Friday, 20 December 2013

Britain is no longer a country for and says "Goodbye" to an old businessman, turned late-in-life novelist, called Paul Torday

Paul, a businessman who found fame as novelist late in life has died at the age of 67.

What you possibly didn't know about Paul, that he :

* was born in Croxdale, County Durham, the son an Irish mother, Eileen and Hungarian father, Laszlo, who had emigrated to the North East from Hungary with his parents in the late 1930s and where, with the help of a Government grant, his father, Paul's Grandfather, set up a electroplating business.

* went to the Royal Grammar school, Newcastle (right) and won a national poetry competition sponsored by the 'Daily Mail' at the age of 16 in 1962 and saw the prize pay for his first foreign holiday and also won a scholarship to study English at Pembroke College, Oxford.

* left university in the 1960s, followed a business course in Manchester, worked in market research in London, then a company in Leeds before joining the family firm in Carlisle at the age of 27 in 1973 while writing two novels in his 20's, which went into a drawer and were shared with no one, but was writing poetry for a magazine, the 'Little Word Machine'.

* saw the family company expand and took over its running from his father and uncle but was forced to sell it in the 1990s before retrieving his business career and going on to buy several other companies.

* in his mid forties to fifties used his experience in the oil and gas industry and understanding of the insanity of much government bureaucracy, as inspiration for a novel, 'Salmon Fishing in the Yemen', the idea of a
Yemeni sheikh who wants to introduce salmon fishing to his desert homeland, coming to him in a business meeting in Oman.

* sent the manuscript to an agent, forgot about it and found that six months later, it had been the subject of a competitive auction and the talk of the 'Frankfurt Book Fair' going on to sell more than 500,000 copies in Britain and win the 'Bollinger Everyman Wodehouse Prize' in 2007, when he was 61 years old.

* faced with a cancer diagnosis shortly after the book was published,  recognised the extent to which his time might be limited and said that he, perhaps treated writing like 'learning to ride a bike : he kept pedalling like mad because he was afraid that if he fell off he might not be able to get back on.'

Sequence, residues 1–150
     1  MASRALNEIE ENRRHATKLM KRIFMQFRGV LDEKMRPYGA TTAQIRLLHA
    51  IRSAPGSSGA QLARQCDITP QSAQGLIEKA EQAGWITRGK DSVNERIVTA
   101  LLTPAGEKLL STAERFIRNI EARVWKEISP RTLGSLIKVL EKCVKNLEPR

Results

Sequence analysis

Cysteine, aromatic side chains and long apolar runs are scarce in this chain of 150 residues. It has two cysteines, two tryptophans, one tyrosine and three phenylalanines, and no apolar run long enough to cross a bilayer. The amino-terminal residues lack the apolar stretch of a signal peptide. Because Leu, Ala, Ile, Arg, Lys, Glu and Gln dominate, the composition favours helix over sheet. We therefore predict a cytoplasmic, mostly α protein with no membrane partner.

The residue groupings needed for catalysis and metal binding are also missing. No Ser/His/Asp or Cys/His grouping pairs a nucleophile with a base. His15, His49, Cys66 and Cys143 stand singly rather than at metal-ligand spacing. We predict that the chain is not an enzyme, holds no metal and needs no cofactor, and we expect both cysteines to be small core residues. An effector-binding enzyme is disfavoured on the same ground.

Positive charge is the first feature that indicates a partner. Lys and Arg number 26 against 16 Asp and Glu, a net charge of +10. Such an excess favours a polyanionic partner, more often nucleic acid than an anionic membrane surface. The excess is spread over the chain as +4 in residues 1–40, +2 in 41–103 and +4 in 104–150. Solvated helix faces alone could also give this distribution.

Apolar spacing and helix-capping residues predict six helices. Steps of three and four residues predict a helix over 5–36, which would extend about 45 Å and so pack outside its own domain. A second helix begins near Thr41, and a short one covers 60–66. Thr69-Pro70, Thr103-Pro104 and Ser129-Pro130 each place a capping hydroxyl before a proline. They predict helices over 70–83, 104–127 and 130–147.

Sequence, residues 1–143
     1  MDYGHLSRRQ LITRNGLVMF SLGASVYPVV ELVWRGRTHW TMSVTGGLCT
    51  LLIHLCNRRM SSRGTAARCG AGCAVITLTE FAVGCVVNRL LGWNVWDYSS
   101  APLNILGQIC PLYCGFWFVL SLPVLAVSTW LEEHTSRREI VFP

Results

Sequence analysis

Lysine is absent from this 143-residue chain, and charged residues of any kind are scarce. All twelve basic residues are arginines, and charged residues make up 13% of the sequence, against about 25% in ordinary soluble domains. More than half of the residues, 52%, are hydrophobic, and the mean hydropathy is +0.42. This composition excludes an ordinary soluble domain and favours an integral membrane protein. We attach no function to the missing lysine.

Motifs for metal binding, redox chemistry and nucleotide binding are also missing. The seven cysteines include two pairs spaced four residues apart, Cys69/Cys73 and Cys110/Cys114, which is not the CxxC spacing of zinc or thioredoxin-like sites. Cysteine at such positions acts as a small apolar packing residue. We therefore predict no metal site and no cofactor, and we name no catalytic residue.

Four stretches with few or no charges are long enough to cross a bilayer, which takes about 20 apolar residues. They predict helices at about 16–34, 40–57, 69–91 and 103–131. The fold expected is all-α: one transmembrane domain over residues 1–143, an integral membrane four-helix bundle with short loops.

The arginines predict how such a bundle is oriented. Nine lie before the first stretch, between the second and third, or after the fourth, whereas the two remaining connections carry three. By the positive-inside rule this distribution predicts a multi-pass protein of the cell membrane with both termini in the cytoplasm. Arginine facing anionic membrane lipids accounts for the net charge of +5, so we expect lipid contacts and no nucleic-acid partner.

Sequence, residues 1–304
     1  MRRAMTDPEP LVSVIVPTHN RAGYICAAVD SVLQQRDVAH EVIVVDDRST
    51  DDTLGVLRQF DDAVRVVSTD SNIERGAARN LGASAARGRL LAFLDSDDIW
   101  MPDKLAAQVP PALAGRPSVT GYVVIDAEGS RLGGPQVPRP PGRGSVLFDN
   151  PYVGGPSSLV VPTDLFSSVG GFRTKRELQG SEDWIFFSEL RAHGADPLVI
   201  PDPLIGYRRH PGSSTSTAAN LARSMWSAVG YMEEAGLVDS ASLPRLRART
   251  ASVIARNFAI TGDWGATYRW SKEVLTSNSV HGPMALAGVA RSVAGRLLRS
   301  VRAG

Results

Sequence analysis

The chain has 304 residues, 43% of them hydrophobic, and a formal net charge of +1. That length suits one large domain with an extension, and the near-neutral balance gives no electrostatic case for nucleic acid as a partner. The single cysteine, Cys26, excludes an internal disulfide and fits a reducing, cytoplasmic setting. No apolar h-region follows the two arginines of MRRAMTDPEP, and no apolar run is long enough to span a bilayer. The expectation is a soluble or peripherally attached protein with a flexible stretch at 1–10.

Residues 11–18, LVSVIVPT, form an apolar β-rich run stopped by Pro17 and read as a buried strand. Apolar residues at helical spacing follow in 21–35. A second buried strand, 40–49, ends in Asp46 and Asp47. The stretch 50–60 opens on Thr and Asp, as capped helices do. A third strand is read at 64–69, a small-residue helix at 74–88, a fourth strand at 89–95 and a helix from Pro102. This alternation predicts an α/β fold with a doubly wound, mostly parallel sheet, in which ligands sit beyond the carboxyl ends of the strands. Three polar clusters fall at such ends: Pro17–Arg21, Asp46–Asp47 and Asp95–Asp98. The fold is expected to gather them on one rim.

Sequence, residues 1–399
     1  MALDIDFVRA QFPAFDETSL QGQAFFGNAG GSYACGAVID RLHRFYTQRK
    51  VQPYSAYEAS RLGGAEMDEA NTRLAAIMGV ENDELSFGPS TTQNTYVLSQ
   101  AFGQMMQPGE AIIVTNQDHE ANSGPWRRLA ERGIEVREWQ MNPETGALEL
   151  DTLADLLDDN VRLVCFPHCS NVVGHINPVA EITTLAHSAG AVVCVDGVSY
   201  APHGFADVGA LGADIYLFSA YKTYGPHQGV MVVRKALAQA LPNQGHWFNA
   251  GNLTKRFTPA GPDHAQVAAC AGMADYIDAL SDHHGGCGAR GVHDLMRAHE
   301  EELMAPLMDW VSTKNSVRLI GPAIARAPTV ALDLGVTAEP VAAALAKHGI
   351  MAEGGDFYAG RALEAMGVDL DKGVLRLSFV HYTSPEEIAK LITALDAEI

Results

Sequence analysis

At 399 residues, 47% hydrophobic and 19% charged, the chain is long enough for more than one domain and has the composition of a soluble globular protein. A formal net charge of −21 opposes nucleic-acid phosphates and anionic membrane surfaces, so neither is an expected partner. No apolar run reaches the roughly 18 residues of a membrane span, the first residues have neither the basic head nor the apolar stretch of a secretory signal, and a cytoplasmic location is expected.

* continued to work in industry and published, generally to critical acclaim, a new novel every year including : 'The Irresistible Inheritance of Wilberforce' in 2008, the story told backwards of an alcoholic's decline through an addiction to fine wine :

* wrote 'The Girl on the Landing' a ghost story in 2009 and 'Light Shining in the Forest' this year, a crime thriller about abducted children set in the North-East of England.

* exuded the air of the English country gentleman, enjoyed food, wine and salmon fishing, liked shooting, walking and climbing and lived with his second wife at the Jacobean, Chipchase Castle in Northumberland, on an estate she had inherited and which he helped to manage.

* was too ill to attend the premiere in 2011, of the film of 'Salmon Fishing in the Yemen', which starred Emily Blunt as the sheikh's representative and Ewan McGregor as a cynical fisheries expert who begrudgingly accepts the challenge.

Kirsty Dunseath, Publishing Director at Weidenfeld and Nicolson Fiction said that in many ways he :
"invented his own genre. His extraordinary fiction was filled with warmth and a wry, humane wit. He was a gentle observer of the foibles of human nature and our social behavior. He wanted to entertain, but his novels were also infused with a deep social awareness, exploring issues such as political expediency, alcoholism, mental illness, class and our national heritage."

P.S. Paul particularly enjoyed the fact that Yemeni tourist organisations were later often asked for details of their fishing holidays.

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